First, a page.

SME Spotlight

A snack or two to go with their fruit drinks?

Allswell director Lam Pin Woon (left) and Mr Jate Samathivathanachai, director of strategy and investments.
Allswell director Lam Pin Woon (left) and Mr Jate Samathivathanachai, director of strategy and investments. ST PHOTO: ALICIA CHAN

Expansion for home-grown beverage brand Allswell is a three-step process. After taking about 18 months to refresh its brand, it is now looking at diversifying into making snacks and expanding beyond Singapore. Directors Jate Samathivathanachai and Lam Pin Woon tell Chong Koh Ping how they plan to grow the business.

Q How did Allswell start?

Jate Samathivathanachai (JS) My father founded this company. He's always been a believer in "food is medicine". In the mid-1980s, he came to Singapore (from Thailand) and worked as a general manager in a German company. He started off by importing Red Bull, the energy drink, from Thailand as he was looking for products with a health and wellness angle.

When he was doing business in Taiwan, he met our current partner, who has been making the drinks for us for 30 years now. He tried the product, and liked the mineral water source story, as well as the functional ingredients. This is not your classic traditional Chinese medicine, as we don't use herbs. But the ingredients and fruit that we use do have very well-accepted benefits for the body.

He liked the way it was brewed, with no preservatives, no colouring, no artificial sweetener and no carbonation. He thought this would do well in Singapore, so he branded it, brought it in and positioned it as a premium Asian beverage. We've been doing that since 1985, and it is our 30th year this year.


Allswell director Lam Pin Woon (left) and Mr Jate Samathivathanachai, director of strategy and investments. The beverage company, founded by Mr Samathivathanachai's father, plans to go into snacks. ST PHOTO: ALICIA CHAN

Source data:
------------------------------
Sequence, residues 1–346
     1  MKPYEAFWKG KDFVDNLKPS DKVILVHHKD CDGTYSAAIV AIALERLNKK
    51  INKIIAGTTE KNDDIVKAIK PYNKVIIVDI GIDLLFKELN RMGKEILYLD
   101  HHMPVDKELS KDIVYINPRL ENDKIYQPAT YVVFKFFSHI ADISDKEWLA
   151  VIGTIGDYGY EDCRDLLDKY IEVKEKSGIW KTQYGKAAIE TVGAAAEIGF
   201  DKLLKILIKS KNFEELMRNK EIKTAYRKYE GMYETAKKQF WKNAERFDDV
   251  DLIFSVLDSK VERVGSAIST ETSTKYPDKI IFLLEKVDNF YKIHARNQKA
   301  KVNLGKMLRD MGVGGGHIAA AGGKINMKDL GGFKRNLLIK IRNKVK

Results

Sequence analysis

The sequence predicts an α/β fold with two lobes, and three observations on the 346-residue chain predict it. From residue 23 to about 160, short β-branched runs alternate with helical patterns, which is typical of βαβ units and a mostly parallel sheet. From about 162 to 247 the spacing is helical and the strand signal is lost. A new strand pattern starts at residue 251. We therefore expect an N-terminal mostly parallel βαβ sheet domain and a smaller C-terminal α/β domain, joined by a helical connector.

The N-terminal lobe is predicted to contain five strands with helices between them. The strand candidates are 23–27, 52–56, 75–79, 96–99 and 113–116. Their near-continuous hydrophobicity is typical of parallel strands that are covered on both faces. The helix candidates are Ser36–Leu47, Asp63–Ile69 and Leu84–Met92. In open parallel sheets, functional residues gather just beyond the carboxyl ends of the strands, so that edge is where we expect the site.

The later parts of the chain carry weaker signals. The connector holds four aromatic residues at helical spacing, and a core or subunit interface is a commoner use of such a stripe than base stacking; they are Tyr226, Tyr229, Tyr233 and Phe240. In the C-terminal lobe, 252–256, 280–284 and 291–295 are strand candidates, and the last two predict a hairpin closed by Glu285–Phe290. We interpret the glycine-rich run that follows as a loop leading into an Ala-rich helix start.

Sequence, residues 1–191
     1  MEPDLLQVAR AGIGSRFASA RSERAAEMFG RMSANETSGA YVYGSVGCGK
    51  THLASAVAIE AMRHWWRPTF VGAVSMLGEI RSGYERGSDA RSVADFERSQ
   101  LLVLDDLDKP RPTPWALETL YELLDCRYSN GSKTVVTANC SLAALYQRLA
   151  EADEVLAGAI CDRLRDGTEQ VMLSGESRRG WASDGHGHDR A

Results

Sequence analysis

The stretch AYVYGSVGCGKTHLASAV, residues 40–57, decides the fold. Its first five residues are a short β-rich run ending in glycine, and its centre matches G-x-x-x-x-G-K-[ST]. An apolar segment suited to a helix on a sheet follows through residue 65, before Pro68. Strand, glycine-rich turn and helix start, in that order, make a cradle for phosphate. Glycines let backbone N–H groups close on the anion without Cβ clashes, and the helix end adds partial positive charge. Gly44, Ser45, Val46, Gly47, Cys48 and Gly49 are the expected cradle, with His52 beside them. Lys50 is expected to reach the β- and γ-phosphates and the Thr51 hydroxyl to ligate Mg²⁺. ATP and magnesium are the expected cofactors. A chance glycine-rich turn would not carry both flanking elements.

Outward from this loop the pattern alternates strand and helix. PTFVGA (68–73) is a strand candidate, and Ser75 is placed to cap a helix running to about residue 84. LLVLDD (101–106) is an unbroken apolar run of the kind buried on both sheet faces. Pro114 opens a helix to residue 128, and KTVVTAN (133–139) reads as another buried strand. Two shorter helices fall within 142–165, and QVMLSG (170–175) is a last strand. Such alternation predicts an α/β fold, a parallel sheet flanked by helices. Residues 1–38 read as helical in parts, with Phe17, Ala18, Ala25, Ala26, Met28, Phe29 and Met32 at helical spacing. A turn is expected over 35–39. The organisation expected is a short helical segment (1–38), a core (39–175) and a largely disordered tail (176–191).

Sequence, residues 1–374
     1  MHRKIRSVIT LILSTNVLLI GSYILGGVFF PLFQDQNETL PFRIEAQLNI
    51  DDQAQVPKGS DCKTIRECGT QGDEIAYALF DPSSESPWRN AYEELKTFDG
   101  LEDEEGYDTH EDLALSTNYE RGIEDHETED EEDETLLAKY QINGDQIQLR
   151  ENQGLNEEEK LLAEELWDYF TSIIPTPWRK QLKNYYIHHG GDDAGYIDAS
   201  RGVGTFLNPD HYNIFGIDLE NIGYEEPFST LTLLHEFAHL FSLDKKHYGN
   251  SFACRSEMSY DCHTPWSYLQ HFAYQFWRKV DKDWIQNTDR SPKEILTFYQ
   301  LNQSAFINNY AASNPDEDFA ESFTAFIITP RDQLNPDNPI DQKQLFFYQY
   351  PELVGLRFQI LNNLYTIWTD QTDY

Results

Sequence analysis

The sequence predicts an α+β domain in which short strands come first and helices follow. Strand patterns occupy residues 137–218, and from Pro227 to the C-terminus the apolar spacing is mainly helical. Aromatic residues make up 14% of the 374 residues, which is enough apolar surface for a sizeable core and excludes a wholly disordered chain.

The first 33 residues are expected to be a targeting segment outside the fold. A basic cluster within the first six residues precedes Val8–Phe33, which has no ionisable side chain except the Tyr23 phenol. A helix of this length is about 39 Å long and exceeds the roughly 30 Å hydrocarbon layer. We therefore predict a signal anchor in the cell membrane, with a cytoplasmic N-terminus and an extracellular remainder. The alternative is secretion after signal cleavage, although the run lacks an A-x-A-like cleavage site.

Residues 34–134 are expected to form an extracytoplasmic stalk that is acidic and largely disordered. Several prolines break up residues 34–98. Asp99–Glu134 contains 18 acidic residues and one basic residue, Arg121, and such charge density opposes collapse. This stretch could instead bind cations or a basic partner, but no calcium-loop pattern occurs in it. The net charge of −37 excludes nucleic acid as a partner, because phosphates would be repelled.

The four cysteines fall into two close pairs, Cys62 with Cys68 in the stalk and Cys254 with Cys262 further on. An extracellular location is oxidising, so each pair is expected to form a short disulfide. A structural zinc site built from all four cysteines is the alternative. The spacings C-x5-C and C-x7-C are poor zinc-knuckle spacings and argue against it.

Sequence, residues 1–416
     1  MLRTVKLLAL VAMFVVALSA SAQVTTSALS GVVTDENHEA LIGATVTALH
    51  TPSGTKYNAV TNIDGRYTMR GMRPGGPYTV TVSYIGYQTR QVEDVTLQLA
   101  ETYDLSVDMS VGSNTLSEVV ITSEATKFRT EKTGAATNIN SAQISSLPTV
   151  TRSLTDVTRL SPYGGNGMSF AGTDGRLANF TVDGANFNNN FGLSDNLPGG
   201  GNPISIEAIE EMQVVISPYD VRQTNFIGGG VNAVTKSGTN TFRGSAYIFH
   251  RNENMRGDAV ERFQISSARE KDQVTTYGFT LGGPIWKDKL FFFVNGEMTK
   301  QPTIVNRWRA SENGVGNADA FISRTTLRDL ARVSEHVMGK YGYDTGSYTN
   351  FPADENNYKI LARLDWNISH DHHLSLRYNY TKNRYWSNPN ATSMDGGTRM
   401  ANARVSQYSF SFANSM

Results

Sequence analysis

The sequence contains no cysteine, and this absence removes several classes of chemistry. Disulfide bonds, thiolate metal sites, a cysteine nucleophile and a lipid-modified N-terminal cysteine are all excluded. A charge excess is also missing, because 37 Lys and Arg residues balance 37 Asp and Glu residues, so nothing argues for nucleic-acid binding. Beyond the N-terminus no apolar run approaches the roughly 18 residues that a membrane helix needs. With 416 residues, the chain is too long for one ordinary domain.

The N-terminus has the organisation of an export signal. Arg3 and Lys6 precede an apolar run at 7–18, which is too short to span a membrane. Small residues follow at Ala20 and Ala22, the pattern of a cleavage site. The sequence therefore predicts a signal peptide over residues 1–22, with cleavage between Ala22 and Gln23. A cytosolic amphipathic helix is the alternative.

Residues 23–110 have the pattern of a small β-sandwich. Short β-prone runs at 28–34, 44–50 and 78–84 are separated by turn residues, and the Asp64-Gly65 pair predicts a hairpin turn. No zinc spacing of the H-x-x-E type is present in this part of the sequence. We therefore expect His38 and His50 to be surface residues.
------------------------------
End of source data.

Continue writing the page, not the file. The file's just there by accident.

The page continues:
Q Why did you stick to just one product line for 30 years?

JS We've brought in a ton of flavours throughout the years. Some stick, some don't. We've always been trying to innovate from a flavour standpoint. The first flavour we brought in was water chestnut and sugar cane, and that's still our leading product, the second one was starfruit, and there were a couple in between and subsequently plum and longan/red date. In May, we launched golden pear and aloe vera. Most of them are traditional flavours. But as you know, everyone is marketing to the millenials these days, so we brought in something fresher, more fun and more exciting. We felt that golden pear and aloe vera will be more contemporary.

We also brought in Mr Lam (Pin Woon) to help with product development.

Q What have you done in the area of product development since joining Allswell three years ago?

Lam Pin Woon (LPW) This was like a homecoming for me. Twenty years ago, I'd spent a short stint at Allswell. In fact, I was the one who worked on selling to Malaysia at that time. As Jate said, over the years, we have added or subtracted flavours based on consumer needs and wants.

But we have plans to embark on a much bigger-scale new product development down the road. The reason we haven't done so for the past one to two years is that we wanted to focus more on our rebranding exercise.